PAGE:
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June 26, 2012 

Industry-Driven FDA Bill a Missed Opportunity for Patients

While Some Provisions are Positive, Congress Emphasized Speed over Safety in New Law

WASHINGTON (June 26, 2012) – Major Food and Drug Administration (FDA) legislation approved by the Senate this afternoon misses many opportunities to protect patient health and may jeopardize the scientific independence of the agency, all to satisfy industry concerns, the Union of Concerned Scientists (UCS) said today.

The Food and Drug Administration Safety and Innovation Act, which the House passed last week, ratifies the fees drug and medical device manufacturers pay the agency to review its new products. Congress must approve these fees every five years, and this legislation is often used as a vehicle for other congressional mandates on the FDA.

Sen. Tom Harkin (D-Iowa) and Reps. Frank Pallone (D-NJ) and Henry Waxman (D-Calif.) fought to protect scientific integrity at the agency, but special-interest priorities largely prevailed. The drug, device, and biotech industries spent more than $700 million lobbying Congress and the administration between 2009 and the end of 2011, according to UCS analysis issued in March

“This bill shows what hundreds of millions of dollars in special interest lobbying can buy,” said Celia Wexler, senior Washington representative for UCS’s Scientific Integrity program. “The public wants the FDA to be independent and to make its decisions based on the best available science, but this bill largely stresses speed over safety and special interests over the public interest.”

Some of the bill’s industry-friendly provisions include relaxed conflict-of-interest rules at the FDA, which are intended to prevent medical professionals with ties to drug and device manufacturers from wielding undue influence over the approval process. In 2007, lawmakers placed limits on the number of experts on FDA advisory panels who could have financial ties to the companies they were overseeing. In the new legislation, Congress eliminated those limits on conflicted experts, though it did retain public disclosure of these conflicts.

UCS recently demonstrated that that the FDA could recruit qualified candidates to fill these panels without loosening conflict-of-interest rules. More than 100 of the 620 positions on FDA advisory committees are vacant, but with one email to its scientist network, UCS was able to find enough candidates to fill more than half of the vacant positions with experts who have no declared conflicts of interest.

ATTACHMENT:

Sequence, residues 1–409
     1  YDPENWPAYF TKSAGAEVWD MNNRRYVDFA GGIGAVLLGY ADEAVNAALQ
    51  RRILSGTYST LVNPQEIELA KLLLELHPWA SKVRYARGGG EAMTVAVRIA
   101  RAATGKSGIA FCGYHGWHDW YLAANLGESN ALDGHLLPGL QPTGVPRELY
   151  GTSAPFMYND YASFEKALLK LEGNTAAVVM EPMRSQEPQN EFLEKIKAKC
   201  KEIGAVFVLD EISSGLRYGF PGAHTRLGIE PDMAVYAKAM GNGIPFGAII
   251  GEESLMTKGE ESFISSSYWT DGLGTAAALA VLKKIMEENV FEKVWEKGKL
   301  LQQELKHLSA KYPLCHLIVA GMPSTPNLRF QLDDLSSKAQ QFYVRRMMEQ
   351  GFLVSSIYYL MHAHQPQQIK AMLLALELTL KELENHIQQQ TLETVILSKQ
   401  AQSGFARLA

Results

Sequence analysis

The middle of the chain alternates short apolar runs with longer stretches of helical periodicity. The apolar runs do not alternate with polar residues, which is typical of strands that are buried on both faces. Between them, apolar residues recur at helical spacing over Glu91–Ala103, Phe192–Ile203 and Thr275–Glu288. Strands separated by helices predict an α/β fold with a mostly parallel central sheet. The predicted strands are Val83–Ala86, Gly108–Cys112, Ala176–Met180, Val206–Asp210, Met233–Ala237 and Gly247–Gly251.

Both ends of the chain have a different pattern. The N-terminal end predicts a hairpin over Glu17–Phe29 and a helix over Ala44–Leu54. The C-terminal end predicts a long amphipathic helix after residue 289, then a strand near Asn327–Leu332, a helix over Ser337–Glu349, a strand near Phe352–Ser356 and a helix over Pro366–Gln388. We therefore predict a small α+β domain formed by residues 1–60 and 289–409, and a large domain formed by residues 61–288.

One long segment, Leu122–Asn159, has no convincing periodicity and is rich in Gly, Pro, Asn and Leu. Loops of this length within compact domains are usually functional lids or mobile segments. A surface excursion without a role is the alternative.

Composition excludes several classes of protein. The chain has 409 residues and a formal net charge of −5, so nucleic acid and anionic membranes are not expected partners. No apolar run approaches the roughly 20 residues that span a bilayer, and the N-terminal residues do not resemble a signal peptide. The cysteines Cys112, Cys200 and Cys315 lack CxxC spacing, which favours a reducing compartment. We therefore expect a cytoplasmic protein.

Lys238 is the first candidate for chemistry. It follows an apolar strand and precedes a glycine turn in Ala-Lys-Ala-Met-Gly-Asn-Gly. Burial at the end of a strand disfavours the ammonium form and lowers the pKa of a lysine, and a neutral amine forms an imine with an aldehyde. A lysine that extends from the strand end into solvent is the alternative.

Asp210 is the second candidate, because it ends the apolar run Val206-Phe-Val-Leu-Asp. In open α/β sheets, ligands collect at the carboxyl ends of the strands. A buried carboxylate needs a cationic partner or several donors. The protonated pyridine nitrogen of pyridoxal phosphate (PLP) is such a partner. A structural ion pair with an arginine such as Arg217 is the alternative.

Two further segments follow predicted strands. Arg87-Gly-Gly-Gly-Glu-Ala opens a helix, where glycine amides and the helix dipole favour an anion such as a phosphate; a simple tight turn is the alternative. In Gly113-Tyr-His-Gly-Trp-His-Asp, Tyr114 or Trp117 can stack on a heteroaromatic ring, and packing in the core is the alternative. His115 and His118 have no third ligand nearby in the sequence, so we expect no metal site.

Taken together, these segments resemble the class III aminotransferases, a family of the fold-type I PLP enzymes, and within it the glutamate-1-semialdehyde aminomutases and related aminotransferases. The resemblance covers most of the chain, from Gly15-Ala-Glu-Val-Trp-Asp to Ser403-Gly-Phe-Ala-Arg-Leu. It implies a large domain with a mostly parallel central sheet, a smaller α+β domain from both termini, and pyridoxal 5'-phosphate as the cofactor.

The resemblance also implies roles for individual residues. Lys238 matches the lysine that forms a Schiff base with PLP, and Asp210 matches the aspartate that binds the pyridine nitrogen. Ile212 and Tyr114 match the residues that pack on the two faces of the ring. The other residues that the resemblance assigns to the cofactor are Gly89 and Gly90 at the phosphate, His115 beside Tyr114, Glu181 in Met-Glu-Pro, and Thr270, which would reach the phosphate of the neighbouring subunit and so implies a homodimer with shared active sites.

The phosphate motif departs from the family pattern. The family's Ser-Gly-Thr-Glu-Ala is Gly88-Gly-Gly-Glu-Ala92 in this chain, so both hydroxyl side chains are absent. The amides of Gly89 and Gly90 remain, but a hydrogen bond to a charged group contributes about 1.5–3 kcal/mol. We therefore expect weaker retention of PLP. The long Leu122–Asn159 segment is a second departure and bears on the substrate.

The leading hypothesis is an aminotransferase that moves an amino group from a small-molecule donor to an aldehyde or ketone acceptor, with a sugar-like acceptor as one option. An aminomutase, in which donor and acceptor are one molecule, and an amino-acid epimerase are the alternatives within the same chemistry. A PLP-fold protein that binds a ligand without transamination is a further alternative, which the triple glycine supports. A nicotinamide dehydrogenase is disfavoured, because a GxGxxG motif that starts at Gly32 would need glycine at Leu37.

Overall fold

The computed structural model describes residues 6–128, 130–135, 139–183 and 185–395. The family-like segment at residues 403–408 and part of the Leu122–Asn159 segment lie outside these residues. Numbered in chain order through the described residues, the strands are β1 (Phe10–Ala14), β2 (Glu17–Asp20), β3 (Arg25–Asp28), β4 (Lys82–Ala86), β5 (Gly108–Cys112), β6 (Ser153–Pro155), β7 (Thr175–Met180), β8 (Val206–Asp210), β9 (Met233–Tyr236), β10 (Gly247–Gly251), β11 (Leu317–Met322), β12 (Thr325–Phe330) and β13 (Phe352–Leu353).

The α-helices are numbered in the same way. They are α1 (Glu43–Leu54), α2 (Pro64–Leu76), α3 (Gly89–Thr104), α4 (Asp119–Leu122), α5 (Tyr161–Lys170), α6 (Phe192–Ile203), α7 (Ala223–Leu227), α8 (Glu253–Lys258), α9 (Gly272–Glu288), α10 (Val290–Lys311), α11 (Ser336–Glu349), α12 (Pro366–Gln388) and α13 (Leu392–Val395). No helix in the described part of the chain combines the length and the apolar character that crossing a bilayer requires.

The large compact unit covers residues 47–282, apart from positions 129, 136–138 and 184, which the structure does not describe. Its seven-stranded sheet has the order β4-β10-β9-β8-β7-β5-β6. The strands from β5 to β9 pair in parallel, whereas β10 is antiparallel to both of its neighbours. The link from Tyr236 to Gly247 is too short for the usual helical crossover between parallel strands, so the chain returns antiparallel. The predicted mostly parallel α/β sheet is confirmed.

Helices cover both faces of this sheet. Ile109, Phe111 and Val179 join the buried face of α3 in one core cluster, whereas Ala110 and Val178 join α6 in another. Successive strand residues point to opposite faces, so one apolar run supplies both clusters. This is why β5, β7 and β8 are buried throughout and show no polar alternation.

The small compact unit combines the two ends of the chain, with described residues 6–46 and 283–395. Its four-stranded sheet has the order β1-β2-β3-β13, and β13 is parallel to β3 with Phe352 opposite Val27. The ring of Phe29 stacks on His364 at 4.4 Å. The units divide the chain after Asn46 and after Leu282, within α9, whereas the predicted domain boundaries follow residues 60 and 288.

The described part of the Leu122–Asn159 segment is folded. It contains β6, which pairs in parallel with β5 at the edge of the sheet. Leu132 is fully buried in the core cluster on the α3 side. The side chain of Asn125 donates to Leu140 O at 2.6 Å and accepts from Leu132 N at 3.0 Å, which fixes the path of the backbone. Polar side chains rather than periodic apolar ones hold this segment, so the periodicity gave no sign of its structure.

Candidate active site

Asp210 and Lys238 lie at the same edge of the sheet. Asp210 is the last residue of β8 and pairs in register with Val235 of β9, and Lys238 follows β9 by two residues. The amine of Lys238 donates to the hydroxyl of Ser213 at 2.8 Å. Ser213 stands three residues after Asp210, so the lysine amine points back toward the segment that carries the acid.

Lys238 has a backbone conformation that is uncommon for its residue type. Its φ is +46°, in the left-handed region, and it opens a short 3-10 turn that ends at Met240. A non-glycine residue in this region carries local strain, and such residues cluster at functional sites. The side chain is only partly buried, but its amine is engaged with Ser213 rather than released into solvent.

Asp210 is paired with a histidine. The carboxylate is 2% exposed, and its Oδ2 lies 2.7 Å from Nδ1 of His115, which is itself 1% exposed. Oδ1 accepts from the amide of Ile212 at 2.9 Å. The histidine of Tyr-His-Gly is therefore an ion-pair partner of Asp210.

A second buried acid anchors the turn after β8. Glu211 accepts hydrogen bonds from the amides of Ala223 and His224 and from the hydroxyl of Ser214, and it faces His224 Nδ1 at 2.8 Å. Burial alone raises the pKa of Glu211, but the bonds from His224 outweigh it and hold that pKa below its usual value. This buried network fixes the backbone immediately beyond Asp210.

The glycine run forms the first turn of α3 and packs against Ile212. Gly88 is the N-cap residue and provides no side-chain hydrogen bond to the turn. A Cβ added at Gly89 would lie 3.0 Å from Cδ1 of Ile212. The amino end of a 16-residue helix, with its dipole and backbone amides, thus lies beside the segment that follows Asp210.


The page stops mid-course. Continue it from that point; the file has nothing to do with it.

The legislation also allows medical device makers to challenge any significant FDA decision and ask for it to be evaluated by a supervisor, a move that could increase industry influence on device reviews. It also would allow medical devices modeled after unsafe devices that have been recalled to remain on the market despite the threat they may pose to patients’ health.

The bill does include some positive reforms. It will help speed up the approval of generic drugs and take steps to address shortages of life-saving drugs. Further, it will make it easier for the FDA to ensure that high-risk devices receive more scrutiny and will give the agency the power to halt a clinical trial of a device it believes poses “an unreasonable risk” to trial participants. Finally, the legislation directs the agency to implement a rule that will—for the first time—track and identify devices so that patients with recalled devices can be more easily notified. 

But the legislation could have done much more to strengthen FDA’s scientific foundation. For instance, even a modest proposal to support the disclosure of more accurate and comprehensive clinical trial data failed to make it into the bill.

“At the very least, the bill is a missed opportunity to protect the public,” Wexler said. “This bill is one more sign of the climate on Capitol Hill that would sacrifice scientific integrity to industry interests, and the willingness of many lawmakers to jeopardize the science-based missions of our federal agencies.”


The Union of Concerned Scientists puts rigorous, independent science to work to solve our planet's most pressing problems. Joining with citizens across the country, we combine technical analysis and effective advocacy to create innovative, practical solutions for a healthy, safe, and sustainable future.

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